Abstract 9923: Circulating Pregnancy-Associated Plasma Protein Levels Reflect Plaque Instability and Predict the No-Reflow Phenomenon After Percutaneous Coronary Intervention
Background and Aims Because coronary no-reflow phenomenon during percutaneous coronary intervention (PCI) is associated with a poor prognosis, it is clinically important to stratify high risk coronary no-reflow patients. Previous study reported that plasma pregnancy-associated plasma protein (PAPP-A) level was a marker of adverse outcome such as cardiac death and myocardial infarction in both acute coronary syndrome (ACS) and non-ACS patients. In the present study, we examined whether serum PAPP-A level could predict incidence of coronary no-reflow during PCI.
Results Consecutive 85 patients (ACS, n=37; non-ACS, n=48; mean age 69 ± 11 years old) who were underwent PCI with integrated backscatter intravascular ultrasound (IB-IVUS) were prospectively enrolled. No-reflow, including transient filter no-reflow by using distal protection devices, was observed in 18 (21%) patients. Plasma PAPP-A levels were significantly higher in no-reflow patients compared with normal-reflow patients (8.25 ± 2.28 vs. 6.27 ± 1.54 ng/ml, P<0.001). To predict coronary no-reflow, a receiver operating characteristic (ROC) analysis determined a cut-off plasma PAPP-A value as 7.68 ng/ml (sensitivity of 62%, specificity of 82%, area under curve 0.76). The multivariate logistic regression analysis showed that plasma PAPP-A was an independent predictor of the no-reflow phenomenon (odds ratio 2.27; 95% confidence interval, 1.123-4.602; P = 0.023). Since plasma PAPP-A levels were not correlated (r=0.009, p=0.94) with culprit plaque percentage of lipid volume analyzed by IB-IVUS, they might be associated with not lipid plaque volume but plaque instability.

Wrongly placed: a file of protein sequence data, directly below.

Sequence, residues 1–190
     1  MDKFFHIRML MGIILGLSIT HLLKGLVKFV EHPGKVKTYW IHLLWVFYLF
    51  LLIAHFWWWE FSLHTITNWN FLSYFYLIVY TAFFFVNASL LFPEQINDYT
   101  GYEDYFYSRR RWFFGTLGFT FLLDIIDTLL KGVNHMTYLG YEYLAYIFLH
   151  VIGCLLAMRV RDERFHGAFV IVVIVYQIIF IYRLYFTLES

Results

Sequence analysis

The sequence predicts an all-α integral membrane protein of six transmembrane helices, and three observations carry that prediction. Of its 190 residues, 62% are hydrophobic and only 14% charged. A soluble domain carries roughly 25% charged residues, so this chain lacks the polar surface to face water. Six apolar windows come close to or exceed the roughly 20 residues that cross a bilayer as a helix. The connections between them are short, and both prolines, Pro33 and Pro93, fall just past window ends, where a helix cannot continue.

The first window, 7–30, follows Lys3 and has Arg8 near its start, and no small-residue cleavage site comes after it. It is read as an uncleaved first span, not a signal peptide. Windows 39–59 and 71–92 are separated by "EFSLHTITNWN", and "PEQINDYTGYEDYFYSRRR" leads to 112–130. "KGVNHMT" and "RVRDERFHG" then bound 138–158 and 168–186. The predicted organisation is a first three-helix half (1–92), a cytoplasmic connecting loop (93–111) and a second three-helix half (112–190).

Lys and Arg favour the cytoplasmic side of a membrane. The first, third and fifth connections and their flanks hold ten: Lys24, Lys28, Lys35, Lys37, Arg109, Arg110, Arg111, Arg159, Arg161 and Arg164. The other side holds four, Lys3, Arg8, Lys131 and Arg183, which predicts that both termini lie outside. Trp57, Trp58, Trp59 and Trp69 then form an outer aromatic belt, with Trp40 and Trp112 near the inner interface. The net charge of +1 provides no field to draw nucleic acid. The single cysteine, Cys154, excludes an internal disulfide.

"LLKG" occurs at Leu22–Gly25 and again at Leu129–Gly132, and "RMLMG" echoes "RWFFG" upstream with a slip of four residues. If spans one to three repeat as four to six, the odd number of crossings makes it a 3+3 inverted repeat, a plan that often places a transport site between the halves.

Conclusion Plasma PAPP-A levels is a useful biomarker to stratify high risk coronary no-reflow patients during PCI. Plasma PAPP-A cut-off values determined by present study could help our approach for predicting high risk coronary no-reflow patients.
- © 2011 by American Heart Association, Inc.